fastpasta check all its-stave --output-stats stats.json --stats-format json bin.raw

Use statistics for data validation

The output statistics can also serve as the input to fastPASTA along with checks on some raw data, using the option --input-stats-file <file>. This will run a full comparison between the input stats and the stats collected during analysis, and output an error message for each mismatching value.


Verify that analysis of bin.raw finds the same exact stats as listed in stats.json.

fastpasta check all its-stave --input-stats-file stats.json bin.raw

Even if you are not 100% sure that all the stats are correct, running one analysis and then using the output stats file as a reference in CI, will let you know if the data output ever changed in terms of these statistics, which could serve as a hint that something has gone wrong (or confirm a correct change in behaviour).

Error messages

Messages are formatted as follows:


Example of failed RDH sanity check

0xE450FFD: [E10] RDH sanity check failed: data_format = 255

Error codes

Error codes are unique and can between 2 and 4 digits. The first digit signifies a category for the error. The following is a list of error codes and their meaning, x is a placeholder for any number 0-9.

  • [Ex0] - Sanity check
  • [E1x] - RDH
  • [E3x] - IHW
  • [E4x] - TDH
  • [E5x] - TDT
  • [E6x] - DDW0
  • [E7x] - Data word (Even number: IB, Odd number: OB) E70 is sanity check for both IB/OB.
  • [E8x] - CDW
  • [E9xxx] - Errors from custom checks

Verbosity levels

  • 0: Errors
  • 1: Errors and warnings
  • 2: Errors, warnings and info [default]
  • 3: Errors, warnings, info and debug
  • 4: Errors, warnings, info, debug and trace

Running tests

Run the full test suite with:

cargo test


Apache 2.0 or MIT at your option.

Project status

Passively Maintained. There are no plans for new features, but the maintainer intends to respond to issues that get filed.

Benchmarks and comparisons

In the tables below fastPASTA is compared with rawdata-parser and decode.py in typical verification tasks. Hyperfine is used for benchmarking, with cache warmup.

Tool Command Mean ± σ [s] Min [s] Max [s]
fastPASTA fastpasta input.raw check all 0.195 ± 0.002 0.191 0.198
rawdata-parser ./rawdata-parser --skip-packet-counter-checks input.raw 1.638 ± 0.066 1.575 1.810
decode.py python3 decode.py -i 20522 -f input.raw --skip_data 94.218 ± 0.386 93.914 94.811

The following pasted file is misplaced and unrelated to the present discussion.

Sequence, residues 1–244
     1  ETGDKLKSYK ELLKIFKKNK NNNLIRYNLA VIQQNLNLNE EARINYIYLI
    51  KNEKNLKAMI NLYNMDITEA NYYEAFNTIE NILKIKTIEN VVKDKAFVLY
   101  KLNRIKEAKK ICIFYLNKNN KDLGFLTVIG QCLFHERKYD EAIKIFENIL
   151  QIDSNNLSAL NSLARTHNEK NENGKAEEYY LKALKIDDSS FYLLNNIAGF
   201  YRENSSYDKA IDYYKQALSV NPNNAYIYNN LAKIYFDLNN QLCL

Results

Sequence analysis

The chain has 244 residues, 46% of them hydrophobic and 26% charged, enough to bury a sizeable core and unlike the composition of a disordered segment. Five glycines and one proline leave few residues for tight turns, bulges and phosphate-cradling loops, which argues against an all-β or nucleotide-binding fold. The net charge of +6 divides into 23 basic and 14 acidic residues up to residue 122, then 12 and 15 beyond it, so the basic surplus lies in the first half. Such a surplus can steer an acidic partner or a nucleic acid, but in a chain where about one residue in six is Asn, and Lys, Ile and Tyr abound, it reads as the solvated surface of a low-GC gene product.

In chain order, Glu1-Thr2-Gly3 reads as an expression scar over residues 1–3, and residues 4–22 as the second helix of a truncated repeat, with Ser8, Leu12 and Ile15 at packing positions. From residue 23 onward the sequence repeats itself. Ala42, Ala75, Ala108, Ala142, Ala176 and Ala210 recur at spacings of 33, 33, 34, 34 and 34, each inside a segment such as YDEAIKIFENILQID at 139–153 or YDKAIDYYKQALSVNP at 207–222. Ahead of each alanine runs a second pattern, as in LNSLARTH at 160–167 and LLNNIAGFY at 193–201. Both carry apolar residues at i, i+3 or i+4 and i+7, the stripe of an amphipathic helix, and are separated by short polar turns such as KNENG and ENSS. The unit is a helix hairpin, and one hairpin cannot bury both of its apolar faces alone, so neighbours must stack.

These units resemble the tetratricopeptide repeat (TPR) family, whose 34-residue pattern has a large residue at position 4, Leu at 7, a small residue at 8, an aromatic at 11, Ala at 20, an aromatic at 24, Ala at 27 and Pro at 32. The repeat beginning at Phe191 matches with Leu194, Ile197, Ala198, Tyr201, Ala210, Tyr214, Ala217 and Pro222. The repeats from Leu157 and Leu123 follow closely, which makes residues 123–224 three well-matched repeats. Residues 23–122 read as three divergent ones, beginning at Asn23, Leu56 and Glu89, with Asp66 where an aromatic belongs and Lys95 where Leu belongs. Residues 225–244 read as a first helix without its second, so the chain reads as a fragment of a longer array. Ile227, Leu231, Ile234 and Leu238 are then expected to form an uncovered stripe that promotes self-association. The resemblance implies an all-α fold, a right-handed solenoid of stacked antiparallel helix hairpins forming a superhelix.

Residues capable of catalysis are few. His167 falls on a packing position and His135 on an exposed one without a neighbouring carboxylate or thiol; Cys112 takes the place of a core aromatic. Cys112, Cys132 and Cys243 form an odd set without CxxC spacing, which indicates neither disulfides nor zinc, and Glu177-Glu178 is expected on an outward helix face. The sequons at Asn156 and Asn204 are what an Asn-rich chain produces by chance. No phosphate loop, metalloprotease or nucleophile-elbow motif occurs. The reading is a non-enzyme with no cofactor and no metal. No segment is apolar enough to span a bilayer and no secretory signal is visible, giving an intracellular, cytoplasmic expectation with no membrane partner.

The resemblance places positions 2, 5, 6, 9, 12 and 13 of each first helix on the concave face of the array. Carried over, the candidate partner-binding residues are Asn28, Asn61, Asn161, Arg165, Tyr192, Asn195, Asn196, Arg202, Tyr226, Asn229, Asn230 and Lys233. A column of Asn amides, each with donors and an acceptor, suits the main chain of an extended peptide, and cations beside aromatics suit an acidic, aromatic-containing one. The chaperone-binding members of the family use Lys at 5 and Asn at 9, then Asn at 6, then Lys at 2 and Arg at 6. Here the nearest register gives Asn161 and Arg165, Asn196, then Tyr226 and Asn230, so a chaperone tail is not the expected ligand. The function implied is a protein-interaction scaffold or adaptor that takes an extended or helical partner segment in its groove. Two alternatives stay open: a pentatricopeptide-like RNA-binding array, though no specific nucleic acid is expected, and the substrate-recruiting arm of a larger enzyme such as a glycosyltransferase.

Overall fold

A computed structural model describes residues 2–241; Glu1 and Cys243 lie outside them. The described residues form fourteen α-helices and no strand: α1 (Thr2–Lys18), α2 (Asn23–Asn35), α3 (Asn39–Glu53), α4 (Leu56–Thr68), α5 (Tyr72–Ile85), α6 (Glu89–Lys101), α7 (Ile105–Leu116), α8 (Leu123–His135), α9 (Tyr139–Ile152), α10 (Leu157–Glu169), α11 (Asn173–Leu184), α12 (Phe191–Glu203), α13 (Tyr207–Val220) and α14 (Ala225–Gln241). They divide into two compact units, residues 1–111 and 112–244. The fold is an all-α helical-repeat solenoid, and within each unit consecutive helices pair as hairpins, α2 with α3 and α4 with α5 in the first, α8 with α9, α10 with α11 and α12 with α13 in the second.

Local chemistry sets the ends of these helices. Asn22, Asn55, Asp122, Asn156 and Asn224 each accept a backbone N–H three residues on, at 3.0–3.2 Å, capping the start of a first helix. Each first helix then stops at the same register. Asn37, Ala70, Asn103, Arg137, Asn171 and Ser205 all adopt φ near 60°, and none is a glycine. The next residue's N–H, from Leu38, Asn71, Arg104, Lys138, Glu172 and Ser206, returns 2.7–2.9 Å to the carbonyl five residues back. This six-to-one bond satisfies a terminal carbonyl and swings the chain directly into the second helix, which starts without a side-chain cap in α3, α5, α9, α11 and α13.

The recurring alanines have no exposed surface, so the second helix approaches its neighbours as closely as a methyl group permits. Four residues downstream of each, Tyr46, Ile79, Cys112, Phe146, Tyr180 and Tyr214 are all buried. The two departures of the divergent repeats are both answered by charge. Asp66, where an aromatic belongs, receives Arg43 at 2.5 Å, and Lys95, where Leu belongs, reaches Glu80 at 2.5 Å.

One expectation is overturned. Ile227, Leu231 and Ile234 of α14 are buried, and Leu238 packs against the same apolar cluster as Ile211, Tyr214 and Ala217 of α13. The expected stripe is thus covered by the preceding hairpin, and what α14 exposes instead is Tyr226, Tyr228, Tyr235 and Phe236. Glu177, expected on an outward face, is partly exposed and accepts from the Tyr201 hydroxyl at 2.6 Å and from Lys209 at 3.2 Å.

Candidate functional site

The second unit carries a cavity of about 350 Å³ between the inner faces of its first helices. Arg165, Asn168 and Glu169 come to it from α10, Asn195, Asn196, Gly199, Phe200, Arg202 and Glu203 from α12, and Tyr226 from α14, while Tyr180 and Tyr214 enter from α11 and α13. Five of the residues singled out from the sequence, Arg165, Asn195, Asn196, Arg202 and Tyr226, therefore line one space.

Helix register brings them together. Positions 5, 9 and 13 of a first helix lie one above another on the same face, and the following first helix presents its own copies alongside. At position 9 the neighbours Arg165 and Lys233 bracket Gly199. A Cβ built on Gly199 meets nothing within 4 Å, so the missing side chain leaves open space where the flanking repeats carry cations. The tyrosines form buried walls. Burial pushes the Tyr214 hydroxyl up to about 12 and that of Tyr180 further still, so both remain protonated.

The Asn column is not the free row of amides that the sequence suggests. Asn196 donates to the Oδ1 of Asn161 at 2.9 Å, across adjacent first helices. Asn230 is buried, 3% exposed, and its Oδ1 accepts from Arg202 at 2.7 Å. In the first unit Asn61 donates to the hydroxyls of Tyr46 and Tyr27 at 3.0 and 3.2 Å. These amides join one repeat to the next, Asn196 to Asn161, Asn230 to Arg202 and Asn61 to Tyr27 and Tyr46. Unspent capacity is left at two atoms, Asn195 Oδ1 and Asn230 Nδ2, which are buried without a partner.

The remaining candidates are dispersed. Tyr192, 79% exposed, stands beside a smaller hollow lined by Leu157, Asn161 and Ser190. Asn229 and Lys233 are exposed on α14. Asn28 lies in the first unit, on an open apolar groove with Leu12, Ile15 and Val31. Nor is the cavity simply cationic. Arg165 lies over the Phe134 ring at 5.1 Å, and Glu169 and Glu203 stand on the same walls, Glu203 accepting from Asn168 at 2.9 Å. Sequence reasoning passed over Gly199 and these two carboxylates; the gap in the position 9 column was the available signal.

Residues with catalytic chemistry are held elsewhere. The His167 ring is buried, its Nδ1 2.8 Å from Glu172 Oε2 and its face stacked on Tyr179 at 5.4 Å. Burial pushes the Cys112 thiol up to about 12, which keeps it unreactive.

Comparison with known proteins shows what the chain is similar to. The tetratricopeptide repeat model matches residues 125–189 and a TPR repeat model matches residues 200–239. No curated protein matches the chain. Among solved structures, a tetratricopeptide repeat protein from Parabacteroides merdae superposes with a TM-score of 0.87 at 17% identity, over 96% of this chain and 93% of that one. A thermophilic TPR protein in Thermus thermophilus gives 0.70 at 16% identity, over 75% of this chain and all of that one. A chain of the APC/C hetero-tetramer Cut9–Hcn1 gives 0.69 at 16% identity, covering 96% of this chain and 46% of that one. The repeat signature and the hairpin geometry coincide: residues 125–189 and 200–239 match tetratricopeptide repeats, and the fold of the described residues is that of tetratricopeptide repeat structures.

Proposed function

Tool Command Mean ± σ [s] Min [s] Max [s]
fastPASTA fastpasta input.raw check all 0.409 ± 0.004 0.402 0.417
rawdata-parser rawdata-parser input.raw 3.068 ± 0.028 3.012 3.105
decode.py Verifying multiple links simultaneously is not supported N/A N/A N/A
Tool Command Mean ± σ [s] Min [s] Max [s]
fastPASTA fastpasta input.raw check all its 0.106 ± 0.002 0.103 0.111
rawdata-parser Verifying payloads is not supported N/A N/A N/A
decode.py python3 decode.py -i 20522 -f input.raw 55.903 ± 0.571 54.561 56.837

Need more performance?

The primary release profile of fastPASTA is already very fast, but if you absolutely need 10-20% more speed, a faster build profile exists that utilizes the experimental rust nightly toolchain.


The rust compiler rustc does not yet provide access to all the features that its backend LLVM has. But the experimental nightly rust toolchain allows passing flags directly to LLVM. fastPASTA includes configuration for a build profile release-nightly which utilizes LLVM to achieve more speed at the cost of compilation time and binary size. As of this writing, the stable channel of Rust does not have a way to pass compiler flags to the LLVM backend. The increased speed is mainly achieved through configuring a higher threshold for inlining, which will increase speed but also compilation time and binary size, and most crucially, cache pressure. The performance impact will be highly dependent on the machine fastPASTA runs on. Better/more CPU cache will lead to a higher performance gain. With >1 GB individual link data, the performance on one particular CERN machine running CentOS Stream 8, as measured by hyperfine increased by ~17%.

To install the nightly toolchain (and check your installation)

rustup toolchain install nightly
rustup run nightly rustc --version

Compile the optimized release-nightly experimental build profile

cargo +nightly build --profile release-nightly

Path to binary: /target/release-nightly/fastpasta


~265K SLoC